Books: A tear-shaped homeland

THE SANDGLASS by Romesh Gunesekera, Granta pounds 9.99
MY EVERY breath seemed imbued with petrol. I wanted to close my eyes and imagine a warm sea and our salt in the air. I did not know what I was doing in there." So thinks the protagonist in the prologue to Romesh Gunesekera's last novel, Reef (1994), when in an English petrol station he comes across a fellow Sri Lankan (Tamil, unlike himself). These poignant sentences could form a motto for all Gunesekera's fiction from the subtle, resonant short stories of Monkfish Moon (1992) to the present novel, The Sandglass, his most ambitious book. For all the delicacy of his art, for all his preference for ambiguous inference over overt judgement, throughout his work one emotional truth plainly reverberates: Sri Lanka compels the leaving of it. Not for nothing is it "tear-shaped"; fecund and beautiful, it is the putative site of the Garden of Eden, of the paradisiacal Atlantis, from which humanity was exiled. Even those who stay there are forced, by the uncertainties and cruelties of its unflagging civil war, to live in a kind of exile. With its tainted, blood-stained past, stretching far back beyond the British occupation, and its unpredictable future, it would seem unable, in any satisfying sense, to provide a home for its inhabitants.

The attempt to establish a home is at the heart of The Sandglass, and in particular the doomed attempts of two neighbouring but contrasting families, the Ducals and the Vatunases. Jason Ducal, self-driven, self- made, profiting by the withdrawal of the British from "Ceylon", is able, in 1948, to buy a house in a district of Colombo "where no Ducal before him had ever dreamed of owning one". Jason sees his house as a ship, which in form it resembles, from the "bridge" of which he can survey his own spectacular progress. Ironically its name, bestowed by the Englishman who built it, is Arcadia, and it is tear-shaped like the country itself. Next door lies the Vatunas family's property, "the result of a deep and intense relationship between the sleeping earth and the ambitions of a line of modern dynasts. And for the Vatunases, from the first to the last, land defined everything: the shape of their lives, the shape of their bodies and their heads and the shape of their dreams."

The history of the Ducal and Vatunas families is pieced together - with perhaps some side-glances at William Faulkner's Absalom, Absalom - by an outsider, one distant in time and space if not in emotional concern from the places and events. Chip, the novel's narrator ("I had left Sri Lanka some years before but still had no place of my own)", comes in 1975 to lodge with Pearl, Jason's widow, now resident with her family in London. Pearl's name, of course, connotes, without undue strain, Sri Lanka itself, famous for its pearls, and resembling one in both size and loveliness. After a brief introduction telling us how haunted he still is by the Ducal history ("with the scheming Vatunases ... forever coiled round them"), Chip takes us take us back to February 1993, when Prins, Pearl's only surviving child and once good friend to Chip, returns from Colombo for his mother's funeral. For two days (their progress beautifully and intimately evoked) Prins and Chip try to talk into some coherence the difficult, fragmented past. Prins left the London of his exile not just for Colombo but for a relationship with a Vatunas daughter, Lola, but he has found no resting place, either externally or internally. In particular he has become obsessed by the nature of his father's death, which may or may not have been the accident it has been conveniently labelled. Jason, for whom, as for his son later, entrepreneurial activity and a hunger for spiritual adventure are inextricably intertwined, left behind notebooks in which he recorded his thoughts. And one of his last was: "The imagination is our most molested flower, so easily crippled in a heartless paradise."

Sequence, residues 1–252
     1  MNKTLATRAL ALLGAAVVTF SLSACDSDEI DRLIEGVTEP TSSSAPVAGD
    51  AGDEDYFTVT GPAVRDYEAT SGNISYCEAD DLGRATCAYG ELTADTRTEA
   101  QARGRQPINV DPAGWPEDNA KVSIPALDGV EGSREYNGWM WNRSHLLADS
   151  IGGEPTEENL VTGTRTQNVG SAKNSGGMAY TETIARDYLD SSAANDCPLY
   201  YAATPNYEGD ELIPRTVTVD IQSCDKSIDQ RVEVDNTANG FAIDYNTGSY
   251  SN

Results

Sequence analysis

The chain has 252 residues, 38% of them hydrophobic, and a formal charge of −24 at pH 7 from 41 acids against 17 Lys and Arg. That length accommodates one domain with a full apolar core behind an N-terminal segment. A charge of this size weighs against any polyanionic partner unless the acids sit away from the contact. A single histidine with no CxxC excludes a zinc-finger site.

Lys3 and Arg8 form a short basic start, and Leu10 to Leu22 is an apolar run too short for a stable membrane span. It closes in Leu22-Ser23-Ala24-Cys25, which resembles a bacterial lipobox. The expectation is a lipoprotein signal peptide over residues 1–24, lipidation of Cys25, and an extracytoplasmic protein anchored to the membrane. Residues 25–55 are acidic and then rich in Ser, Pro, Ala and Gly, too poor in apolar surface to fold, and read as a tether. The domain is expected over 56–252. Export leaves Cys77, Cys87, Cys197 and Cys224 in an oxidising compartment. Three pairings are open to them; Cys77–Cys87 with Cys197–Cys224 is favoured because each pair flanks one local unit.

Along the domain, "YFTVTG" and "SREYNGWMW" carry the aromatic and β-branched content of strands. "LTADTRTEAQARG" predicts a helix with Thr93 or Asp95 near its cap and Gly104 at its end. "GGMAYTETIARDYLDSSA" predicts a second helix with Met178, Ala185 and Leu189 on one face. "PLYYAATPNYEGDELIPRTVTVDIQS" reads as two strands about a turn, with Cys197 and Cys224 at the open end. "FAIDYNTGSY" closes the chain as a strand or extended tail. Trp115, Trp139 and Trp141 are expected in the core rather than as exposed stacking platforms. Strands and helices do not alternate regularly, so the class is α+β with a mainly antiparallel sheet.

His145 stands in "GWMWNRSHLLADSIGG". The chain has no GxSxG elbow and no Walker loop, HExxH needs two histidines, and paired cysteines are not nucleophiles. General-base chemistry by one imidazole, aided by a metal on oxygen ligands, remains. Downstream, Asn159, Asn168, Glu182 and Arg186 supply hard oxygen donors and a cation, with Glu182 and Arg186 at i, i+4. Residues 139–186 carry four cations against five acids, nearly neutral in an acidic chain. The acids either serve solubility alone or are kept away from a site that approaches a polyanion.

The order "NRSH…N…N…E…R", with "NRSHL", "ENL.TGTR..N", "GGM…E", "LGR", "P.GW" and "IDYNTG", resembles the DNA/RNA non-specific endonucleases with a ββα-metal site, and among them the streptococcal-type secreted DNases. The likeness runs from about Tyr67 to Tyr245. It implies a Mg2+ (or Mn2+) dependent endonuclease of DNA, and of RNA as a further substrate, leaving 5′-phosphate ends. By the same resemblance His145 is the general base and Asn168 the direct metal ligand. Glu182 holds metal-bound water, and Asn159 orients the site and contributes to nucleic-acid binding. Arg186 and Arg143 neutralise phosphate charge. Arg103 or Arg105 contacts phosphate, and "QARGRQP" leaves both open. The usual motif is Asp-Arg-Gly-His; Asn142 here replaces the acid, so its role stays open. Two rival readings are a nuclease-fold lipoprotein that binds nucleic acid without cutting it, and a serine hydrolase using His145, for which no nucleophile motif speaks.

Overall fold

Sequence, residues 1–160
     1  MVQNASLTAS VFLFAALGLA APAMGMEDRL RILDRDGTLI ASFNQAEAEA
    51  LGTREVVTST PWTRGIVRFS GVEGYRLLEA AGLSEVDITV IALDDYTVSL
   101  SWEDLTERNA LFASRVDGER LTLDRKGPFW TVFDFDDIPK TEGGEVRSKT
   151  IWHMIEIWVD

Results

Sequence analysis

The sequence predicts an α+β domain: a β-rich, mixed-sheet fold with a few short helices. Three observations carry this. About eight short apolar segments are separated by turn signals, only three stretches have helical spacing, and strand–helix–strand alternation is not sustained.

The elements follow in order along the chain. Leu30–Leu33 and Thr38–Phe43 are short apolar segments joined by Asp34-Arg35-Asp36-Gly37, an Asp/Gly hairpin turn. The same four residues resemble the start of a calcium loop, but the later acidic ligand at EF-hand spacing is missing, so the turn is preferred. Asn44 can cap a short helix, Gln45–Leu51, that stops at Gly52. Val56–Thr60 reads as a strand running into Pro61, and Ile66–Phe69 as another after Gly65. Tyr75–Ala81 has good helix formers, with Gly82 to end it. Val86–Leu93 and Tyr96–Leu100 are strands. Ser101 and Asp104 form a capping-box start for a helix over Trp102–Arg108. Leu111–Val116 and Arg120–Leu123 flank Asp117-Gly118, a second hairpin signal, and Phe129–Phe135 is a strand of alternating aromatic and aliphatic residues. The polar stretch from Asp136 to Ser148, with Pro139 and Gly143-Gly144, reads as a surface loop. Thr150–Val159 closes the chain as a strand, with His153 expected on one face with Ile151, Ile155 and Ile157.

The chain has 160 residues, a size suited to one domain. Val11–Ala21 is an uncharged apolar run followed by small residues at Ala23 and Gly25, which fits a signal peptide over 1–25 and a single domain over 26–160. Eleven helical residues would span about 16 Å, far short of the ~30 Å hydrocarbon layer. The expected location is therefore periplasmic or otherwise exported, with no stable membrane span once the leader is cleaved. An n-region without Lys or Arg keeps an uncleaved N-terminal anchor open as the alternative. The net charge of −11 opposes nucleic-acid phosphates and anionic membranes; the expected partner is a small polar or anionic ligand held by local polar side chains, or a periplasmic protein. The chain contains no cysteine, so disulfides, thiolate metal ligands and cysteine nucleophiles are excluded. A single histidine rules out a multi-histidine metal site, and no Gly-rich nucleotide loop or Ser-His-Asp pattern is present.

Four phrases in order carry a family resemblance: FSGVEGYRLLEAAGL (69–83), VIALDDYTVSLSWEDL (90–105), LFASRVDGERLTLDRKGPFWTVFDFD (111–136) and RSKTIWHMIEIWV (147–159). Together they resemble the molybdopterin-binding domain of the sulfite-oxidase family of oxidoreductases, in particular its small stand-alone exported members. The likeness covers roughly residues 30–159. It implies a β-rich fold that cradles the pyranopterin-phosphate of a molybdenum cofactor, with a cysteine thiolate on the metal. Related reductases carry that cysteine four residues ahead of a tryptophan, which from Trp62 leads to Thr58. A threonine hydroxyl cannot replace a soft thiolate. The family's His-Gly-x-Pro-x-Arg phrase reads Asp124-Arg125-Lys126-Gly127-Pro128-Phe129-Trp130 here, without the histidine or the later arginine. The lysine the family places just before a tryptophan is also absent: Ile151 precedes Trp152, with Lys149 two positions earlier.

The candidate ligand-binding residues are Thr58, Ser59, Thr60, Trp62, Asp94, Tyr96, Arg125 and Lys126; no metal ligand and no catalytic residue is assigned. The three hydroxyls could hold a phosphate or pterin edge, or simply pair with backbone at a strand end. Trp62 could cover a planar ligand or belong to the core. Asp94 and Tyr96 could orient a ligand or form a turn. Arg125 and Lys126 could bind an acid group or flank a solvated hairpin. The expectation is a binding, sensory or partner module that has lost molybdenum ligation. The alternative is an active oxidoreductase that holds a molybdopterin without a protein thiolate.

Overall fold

Prins' story is - one assumes - to parallel his father's. When Chip, a globe-trotting businessman, revisits Sri Lanka, he cannot find Prins. No-one knows where he is, or what has happened, this sudden descent of obscurity only too characteristic of this "heartless paradise". Yet away from it the fate of Sri Lankans may be no kinder. There is nothing better in this novel than the account of Prins' brother, Ravi's quiet tragic life in England, culminating in a suicide so undramatic it scarce deserves the name. "He not only tried not to make any impression in his daily life, but he tried to undo all past impressions ... He had been so meticulous over his exit that after he passed away not even a single letter arrived for him to remind anyone of his curtailed life."

Reef, one of the outstanding novels of our decade, succeeds to a considerable degree because of the voice to its narrator, the houseboy Triton who works for the gifted but lazy oceanologist whom he follows into exile. For much of his narrative he is unaware of the metaphoric nature of the situations he describes. Chip in The Sandglass is, by contrast, only too aware, and moreover anxious to underscore. Closer to his creator than Triton, he is far less successful as an autonomous character, especially when juxtaposed with the quite brilliantly realised Prins. Now and again, too, I wondered if the oblique method of presentation doesn't impair our emotional response to events and relationships. Yet this is also part of the novel's point: only the oblique is possible for these confused heirs to a former imperial possession. The Sandglass is a novel of true distinction, the work of a profoundly honest mind, one utterly unconcerned with the authorial self, intent instead on the lot of fellow humans and its meaning. He wants, in the words of the beautiful close to his novel, "to free the future from the shadows of the past", to be spun "forward from this hurt earth to a somehow better world".